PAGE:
Call To Action Examples – How The Big Boys Do It
Okay, yes! There are loads of blog posts with examples of calls to action out there already, but we’re often asked for good examples, and having looked through some of the existing posts, they don’t do exactly what I want. The aim of this post is to provide a list of examples without too much complication to give designers or SEO’s a quick point of reference and inspiration from some of the best designed calls to action on the interwebs.
If you’re looking for a comprehensive explanation of how various calls to action work, you can’t do much better than this PDF guide by Hub Spot.
Below I’ve divided the calls to action into groups of what I deem their most significant characteristic with a brief explanation of how and why those features are important.
WARNING: You may feel an intense desire to click some of these screenshots.
Buttons so good you just have to click them. Buttons give a sense that something is going to happen and differentiate themselves from other links on the page as special. The following design elements are commonly used to make buttons stand out.
- Additional space around them compared with other elements on the page
- Contrasting colours (Check out the opposites on a colour wheel)
- Design elements such as arrows or a person looking to draw attention to them
The Firefox download button dominates the page whilst additional information and reassurance surrounds it.
The Chrome download button is front and center on the page and stands out clearly.
The Dropbox homepage appears almost empty (above the fold) except for the call to action.
This example of the OptinSkin WordPress plugin draws attention to the social buttons.
The Change.org button uses white space to draw attention.
The Skype button uses contrasting colours and positioning to help it stand out from the rest of the page content.
Reducing The Steps
Reducing the number of steps users have to take can significantly help improve conversions. In some cases sites add forms to collect information as prominently as possible. Typically these:
- Provide clear benefits of taking the action or submitting information
- Ask only for information which is essential for the initial signup/conversion
- Explain how any information will be used and provide reassurance that the data is safe
The Obama election campaign website asks for as little information as possible and reinforces the idea that by entering your information, you’re part of something.
The Facebook homepage provides information about why they need certain data, and how they use it. This is accompanied by a break down of some of the main benefits of joining on the left.
I had to include this example from Jims Plumbing. All the other examples are from some pretty big websites, so I wanted to show that this applies to smaller businesses as well. Personally I would try and simplify this one a bit, but I suspect it does a pretty good job. Definitely worth testing.
This example provides incentives to book online and makes it clear they’ll respond quickly. I hope to see more small businesses with landing pages like this soon.
Basecamp provides plenty of reasons why you should signup, including social proof (“Last week 6,410 companies signed up”), a Free Trial incentive and requests minimal information. You can also review the all important ToS and refund policies before starting the trial.
This dating site also gets the information out of you fast. You’ll also notice that the woman’s line of site is directing your attention to the entry form.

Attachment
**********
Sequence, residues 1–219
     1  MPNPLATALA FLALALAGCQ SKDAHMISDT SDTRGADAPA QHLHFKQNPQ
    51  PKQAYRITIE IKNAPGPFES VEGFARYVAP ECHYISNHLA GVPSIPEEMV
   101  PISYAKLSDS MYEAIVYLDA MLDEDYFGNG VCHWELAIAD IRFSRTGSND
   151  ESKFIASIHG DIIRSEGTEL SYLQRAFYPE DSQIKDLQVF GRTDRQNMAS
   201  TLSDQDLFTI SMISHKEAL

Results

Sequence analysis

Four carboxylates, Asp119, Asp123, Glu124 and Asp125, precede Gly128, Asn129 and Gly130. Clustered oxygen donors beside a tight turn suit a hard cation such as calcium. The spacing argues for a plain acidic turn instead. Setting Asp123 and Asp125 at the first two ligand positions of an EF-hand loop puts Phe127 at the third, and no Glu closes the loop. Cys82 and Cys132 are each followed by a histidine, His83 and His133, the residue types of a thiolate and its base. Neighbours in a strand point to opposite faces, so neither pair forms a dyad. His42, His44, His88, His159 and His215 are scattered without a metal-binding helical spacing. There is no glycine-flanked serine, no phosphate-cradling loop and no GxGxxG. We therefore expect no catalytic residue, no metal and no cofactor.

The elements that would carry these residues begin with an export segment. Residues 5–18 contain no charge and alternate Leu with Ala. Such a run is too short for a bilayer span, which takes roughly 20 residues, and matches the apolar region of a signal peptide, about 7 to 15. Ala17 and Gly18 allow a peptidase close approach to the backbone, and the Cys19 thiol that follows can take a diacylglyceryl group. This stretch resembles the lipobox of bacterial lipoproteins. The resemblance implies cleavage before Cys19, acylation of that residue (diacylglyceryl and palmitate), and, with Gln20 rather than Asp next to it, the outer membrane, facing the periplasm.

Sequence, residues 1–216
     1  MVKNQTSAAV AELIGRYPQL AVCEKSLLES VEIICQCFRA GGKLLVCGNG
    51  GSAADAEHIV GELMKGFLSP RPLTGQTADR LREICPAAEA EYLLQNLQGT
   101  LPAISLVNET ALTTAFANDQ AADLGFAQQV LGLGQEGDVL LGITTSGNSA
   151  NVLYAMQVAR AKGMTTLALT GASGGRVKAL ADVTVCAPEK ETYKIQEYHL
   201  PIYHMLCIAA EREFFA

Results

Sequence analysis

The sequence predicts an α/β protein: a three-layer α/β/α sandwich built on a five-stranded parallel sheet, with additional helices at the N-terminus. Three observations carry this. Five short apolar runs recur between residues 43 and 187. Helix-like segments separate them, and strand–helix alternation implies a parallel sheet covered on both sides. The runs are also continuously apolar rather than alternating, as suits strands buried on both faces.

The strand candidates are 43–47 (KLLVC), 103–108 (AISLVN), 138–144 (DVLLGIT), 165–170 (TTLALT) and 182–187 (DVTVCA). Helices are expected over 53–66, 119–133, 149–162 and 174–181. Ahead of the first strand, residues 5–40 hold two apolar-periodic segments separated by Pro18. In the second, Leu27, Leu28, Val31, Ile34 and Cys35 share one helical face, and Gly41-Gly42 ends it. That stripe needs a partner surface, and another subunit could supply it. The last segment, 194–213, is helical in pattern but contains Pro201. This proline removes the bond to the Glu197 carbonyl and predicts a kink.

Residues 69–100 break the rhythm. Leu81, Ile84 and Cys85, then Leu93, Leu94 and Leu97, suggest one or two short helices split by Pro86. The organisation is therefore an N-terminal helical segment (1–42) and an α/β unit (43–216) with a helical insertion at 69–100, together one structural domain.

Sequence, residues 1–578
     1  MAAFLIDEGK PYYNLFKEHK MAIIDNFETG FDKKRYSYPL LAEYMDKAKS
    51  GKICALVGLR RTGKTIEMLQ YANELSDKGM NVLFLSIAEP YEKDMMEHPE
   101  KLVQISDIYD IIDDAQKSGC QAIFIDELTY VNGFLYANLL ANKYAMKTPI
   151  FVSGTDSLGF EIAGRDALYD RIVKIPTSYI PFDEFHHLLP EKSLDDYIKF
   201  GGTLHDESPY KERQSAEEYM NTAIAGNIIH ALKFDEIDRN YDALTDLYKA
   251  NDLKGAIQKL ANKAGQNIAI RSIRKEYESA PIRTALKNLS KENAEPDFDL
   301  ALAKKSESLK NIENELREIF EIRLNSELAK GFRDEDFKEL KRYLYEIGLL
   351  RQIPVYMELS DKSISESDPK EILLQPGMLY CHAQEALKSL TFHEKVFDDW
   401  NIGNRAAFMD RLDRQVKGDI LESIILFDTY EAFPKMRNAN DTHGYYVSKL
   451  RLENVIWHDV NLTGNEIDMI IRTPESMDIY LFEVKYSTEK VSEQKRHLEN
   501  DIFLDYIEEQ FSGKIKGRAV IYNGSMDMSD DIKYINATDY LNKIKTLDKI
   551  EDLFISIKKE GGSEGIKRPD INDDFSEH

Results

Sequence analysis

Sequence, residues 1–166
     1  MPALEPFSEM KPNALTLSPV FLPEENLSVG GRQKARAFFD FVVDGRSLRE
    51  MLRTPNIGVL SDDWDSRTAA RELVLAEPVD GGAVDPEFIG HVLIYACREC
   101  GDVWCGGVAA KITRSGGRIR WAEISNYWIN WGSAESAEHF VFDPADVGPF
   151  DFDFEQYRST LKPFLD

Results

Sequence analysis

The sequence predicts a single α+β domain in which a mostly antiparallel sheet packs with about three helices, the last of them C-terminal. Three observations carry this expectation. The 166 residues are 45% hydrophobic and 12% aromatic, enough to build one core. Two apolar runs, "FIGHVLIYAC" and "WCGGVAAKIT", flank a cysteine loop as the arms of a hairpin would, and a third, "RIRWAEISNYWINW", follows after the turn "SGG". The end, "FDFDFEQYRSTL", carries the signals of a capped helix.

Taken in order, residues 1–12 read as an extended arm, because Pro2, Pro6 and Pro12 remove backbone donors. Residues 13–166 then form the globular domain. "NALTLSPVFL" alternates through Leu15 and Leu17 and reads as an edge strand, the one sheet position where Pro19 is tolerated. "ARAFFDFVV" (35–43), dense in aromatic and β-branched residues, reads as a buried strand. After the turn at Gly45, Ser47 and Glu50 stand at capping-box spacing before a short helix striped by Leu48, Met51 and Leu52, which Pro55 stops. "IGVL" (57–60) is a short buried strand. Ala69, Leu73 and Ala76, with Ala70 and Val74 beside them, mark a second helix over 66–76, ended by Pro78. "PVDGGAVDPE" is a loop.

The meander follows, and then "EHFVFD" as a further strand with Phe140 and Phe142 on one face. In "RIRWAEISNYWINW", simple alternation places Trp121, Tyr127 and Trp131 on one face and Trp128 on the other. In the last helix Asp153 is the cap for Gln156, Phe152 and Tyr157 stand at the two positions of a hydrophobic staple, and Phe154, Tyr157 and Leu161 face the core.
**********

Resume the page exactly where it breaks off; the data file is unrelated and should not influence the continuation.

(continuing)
Hipmunk keep it simple with to very plain forms that take the users to exactly what they need right away.
Stay.com also provide an instant user input, accompanied by a quick and easy video explaining how it all works. Not only that but the call to action stands out in the white space and the button gives a sense of moving forward.
Explaining what benefit the user will gain from taking the action is essential. Not providing a clear explanation is kind of like having a mystery box in a shop, where the user has to pay before they find out what they’ve got. And yes, taking an action is like paying money. Users are investing their time, energy and sometimes providing you with personal information. Ask yourself, why should someone complete the action and what are the benefits they are looking for by being on my site?
Unbounce make it pretty clear why you should signup. They make website testing easy. There’s even a video if you’re not sure, and you can test it out quickly and easily without any obsticals.
Visually, I don’t like Crazy Eggs call to action. But they do provide clear benefits with the text at the top explaining the product, then a video, accompanied by trust signals and links to more information, just in case you aren’t already convinced. Notably, the button itself uses a consistent “Show Me My Heatmap” throughout the site.
Forkly explains the App, what you’ll get out of it and where you can get it.
Again, a landing page which clearly explains in the text and provides a nearby video to convince you further. The call to action “Start Learning Today” also tells you what you’re going to get out of it.
Just Do It
A good call to action is not the reserve of large multinational businesses. In my opinion, all websites should have a strong call to action. It’s all well and good ranking #1 for Purple Widgets, but if your users aren’t sure how to proceed, they’re less likely to contact you.
We want more. This is just a smattering of the examples I found. If you have some suggestions submit them in the comments below and if they look good I’ll include them. I’d really like to develop this further, so if you think there is anything I’ve missed, or your not sure about something, let me know.